MIAMI - Three words you are bound to hear at least twice a week when the Phillies play at Citizens Bank Park:
In this ballpark. As in . . .
In this ballpark, you just want to give your offense a chance to score runs.
In this ballpark, the Phillies' lineup is dangerous.
In this ballpark, little lawn gnomes swing the bat and run the bases for you.
But not long ago, Jimmy Rollins took exception to the phrase.
"Everybody wants to talk about the ballpark, but we do the same thing on the road," the Phillies shortstop said. "The ballpark doesn't matter, it's the team."
Looking at the numbers, he has a point.
The Phillies have been one of the most prolific road teams in the majors. Heading into last night, they ranked second in home runs (42), slugging percentage (.447) and total bases (505); tied for second in RBI (156) and on-base percentage (.336); third in runs (163); and seventh in batting average (.260).
Furthermore, the Phillies were one of only three teams in the majors with a winning road record, at 18-15.
"We come out and we play that game on that day," manager Charlie Manuel said. "It doesn't matter where we are playing. A couple of years ago, I told you that champions can play anywhere. I think that's kind of the way you go about looking at the game. If we are good, why can't we play anywhere?"
Despite the fact that the Phillies' lineup is loaded with lefthanded hitters, they have performed surprisingly well against lefthanded starters. They are 16-8 in games started by southpaws, including 14-5 in their last 19 games. Chase Utley entered the day leading all major league hitters with 11 home runs and 25 RBI against lefties, and went 1-for-3 against lefty starter Andrew Miller, with an RBI single and two strikeouts.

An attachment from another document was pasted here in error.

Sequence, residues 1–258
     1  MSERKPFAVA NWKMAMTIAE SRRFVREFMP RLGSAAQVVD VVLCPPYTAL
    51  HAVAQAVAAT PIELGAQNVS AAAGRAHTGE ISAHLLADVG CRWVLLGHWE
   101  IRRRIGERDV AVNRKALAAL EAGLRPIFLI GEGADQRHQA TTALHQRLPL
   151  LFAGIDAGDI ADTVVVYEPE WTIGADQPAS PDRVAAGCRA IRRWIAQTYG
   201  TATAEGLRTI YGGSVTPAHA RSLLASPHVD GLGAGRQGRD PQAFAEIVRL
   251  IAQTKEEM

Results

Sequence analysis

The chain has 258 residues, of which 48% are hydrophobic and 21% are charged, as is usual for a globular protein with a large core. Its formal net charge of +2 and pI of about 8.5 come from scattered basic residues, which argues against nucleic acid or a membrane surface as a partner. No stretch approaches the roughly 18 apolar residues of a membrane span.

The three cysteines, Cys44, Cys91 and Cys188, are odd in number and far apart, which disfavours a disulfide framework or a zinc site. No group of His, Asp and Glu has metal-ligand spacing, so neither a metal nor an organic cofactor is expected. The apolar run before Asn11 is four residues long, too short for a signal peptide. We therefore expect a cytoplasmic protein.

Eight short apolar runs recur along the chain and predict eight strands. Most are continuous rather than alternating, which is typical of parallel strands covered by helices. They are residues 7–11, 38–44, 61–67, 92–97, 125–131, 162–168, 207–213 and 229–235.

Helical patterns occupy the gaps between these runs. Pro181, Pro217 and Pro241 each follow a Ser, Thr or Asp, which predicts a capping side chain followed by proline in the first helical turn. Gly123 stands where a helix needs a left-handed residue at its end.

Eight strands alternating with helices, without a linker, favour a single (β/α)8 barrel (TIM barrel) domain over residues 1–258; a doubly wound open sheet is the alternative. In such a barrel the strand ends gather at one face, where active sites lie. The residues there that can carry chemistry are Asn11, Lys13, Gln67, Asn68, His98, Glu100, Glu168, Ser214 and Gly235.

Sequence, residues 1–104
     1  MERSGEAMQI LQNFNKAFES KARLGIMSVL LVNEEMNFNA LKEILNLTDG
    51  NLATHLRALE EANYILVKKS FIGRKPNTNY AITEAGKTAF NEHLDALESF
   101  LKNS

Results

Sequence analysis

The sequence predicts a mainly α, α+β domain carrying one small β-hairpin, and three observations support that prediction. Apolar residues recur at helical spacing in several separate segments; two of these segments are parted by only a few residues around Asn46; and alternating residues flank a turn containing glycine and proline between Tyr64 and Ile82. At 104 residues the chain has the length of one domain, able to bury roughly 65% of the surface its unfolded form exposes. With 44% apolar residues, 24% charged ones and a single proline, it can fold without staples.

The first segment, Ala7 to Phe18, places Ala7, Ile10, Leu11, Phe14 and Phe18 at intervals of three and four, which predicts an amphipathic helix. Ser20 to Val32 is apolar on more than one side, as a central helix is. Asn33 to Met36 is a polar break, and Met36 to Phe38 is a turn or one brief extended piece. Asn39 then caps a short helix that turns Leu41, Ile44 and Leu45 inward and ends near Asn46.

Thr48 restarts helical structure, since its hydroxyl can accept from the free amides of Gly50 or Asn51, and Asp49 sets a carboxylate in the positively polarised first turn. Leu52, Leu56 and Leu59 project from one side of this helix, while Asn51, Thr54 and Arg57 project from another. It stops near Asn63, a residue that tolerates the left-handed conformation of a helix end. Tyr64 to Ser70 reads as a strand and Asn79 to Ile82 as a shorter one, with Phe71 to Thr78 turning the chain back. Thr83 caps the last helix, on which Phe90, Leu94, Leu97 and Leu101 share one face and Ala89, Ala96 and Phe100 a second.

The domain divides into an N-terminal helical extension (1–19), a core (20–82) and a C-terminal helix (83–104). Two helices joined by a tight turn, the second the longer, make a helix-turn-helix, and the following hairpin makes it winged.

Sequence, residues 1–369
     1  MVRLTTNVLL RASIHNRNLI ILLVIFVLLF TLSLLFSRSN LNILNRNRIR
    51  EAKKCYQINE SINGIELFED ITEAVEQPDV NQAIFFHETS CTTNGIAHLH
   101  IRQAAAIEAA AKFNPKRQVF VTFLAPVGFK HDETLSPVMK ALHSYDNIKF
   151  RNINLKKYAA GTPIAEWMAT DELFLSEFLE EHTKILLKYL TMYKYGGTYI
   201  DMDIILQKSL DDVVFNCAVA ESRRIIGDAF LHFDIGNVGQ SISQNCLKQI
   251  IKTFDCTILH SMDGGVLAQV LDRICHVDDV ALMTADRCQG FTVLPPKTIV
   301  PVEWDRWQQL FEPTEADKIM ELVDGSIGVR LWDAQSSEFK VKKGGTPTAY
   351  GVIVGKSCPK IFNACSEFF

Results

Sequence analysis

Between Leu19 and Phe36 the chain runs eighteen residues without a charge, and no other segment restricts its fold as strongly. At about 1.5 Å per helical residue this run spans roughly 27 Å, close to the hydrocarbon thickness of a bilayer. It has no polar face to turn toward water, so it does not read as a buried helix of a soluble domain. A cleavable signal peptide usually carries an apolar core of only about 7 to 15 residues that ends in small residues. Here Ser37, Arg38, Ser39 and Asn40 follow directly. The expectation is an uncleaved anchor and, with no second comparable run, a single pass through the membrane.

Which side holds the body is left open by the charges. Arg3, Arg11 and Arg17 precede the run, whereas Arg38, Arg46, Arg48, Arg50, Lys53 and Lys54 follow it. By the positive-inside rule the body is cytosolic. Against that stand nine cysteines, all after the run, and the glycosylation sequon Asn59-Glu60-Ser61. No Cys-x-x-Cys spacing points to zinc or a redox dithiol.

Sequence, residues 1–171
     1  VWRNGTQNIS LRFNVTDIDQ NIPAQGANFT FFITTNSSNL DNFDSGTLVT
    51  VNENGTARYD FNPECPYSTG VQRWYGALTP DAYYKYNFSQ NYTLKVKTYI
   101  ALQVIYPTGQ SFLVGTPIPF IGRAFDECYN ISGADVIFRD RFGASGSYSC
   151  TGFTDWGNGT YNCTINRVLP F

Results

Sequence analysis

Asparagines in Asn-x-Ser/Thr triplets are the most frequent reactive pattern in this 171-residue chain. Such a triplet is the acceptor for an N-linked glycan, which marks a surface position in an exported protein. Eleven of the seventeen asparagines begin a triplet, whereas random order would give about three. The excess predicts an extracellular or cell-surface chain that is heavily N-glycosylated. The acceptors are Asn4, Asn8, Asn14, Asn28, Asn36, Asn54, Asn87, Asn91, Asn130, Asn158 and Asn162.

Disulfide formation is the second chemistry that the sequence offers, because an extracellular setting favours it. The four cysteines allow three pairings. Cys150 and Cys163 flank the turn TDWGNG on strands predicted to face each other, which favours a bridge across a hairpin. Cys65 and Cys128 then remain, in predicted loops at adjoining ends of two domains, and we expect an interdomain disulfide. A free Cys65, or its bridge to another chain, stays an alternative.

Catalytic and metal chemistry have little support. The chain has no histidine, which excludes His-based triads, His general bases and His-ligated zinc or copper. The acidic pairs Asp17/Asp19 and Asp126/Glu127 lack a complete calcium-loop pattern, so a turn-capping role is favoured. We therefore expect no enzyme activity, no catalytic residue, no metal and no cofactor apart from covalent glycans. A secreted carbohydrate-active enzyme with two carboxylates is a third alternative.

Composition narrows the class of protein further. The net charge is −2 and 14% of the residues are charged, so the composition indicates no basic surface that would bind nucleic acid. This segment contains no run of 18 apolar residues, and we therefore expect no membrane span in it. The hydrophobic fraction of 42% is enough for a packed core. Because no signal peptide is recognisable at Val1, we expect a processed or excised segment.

"The more they throw them, the better we're going to get at them," Manuel said. "Being a lefthanded hitter when I played, the more I faced lefthanded pitchers, the better I got at them, the better I could hit them. I feel like that's basically what our team is starting to do."
Steve Kline had been struggling on the mound for Triple A Lehigh Valley.
So the veteran lefthander's indefinite suspension for bumping an umpire Monday night after being ejected from a game couldn't have helped his cause. The Phillies parted ways with Kline yesterday, releasing him only 2 months after signing him to a minor league contract.
He was suspended by the International League and the organization after getting ejected for arguing a non-strike call and making contact with the home-plate umpire.
Kline was never a serious contender for a spot with the big-league club, going 0-2 with a 5.16 ERA in 22 2/3 innings for the IronPigs.
The Phillies hoped Kline eventually would become the second lefty reliever they have sought since spring training, but lefthanders were hitting .341 against him at Lehigh Valley.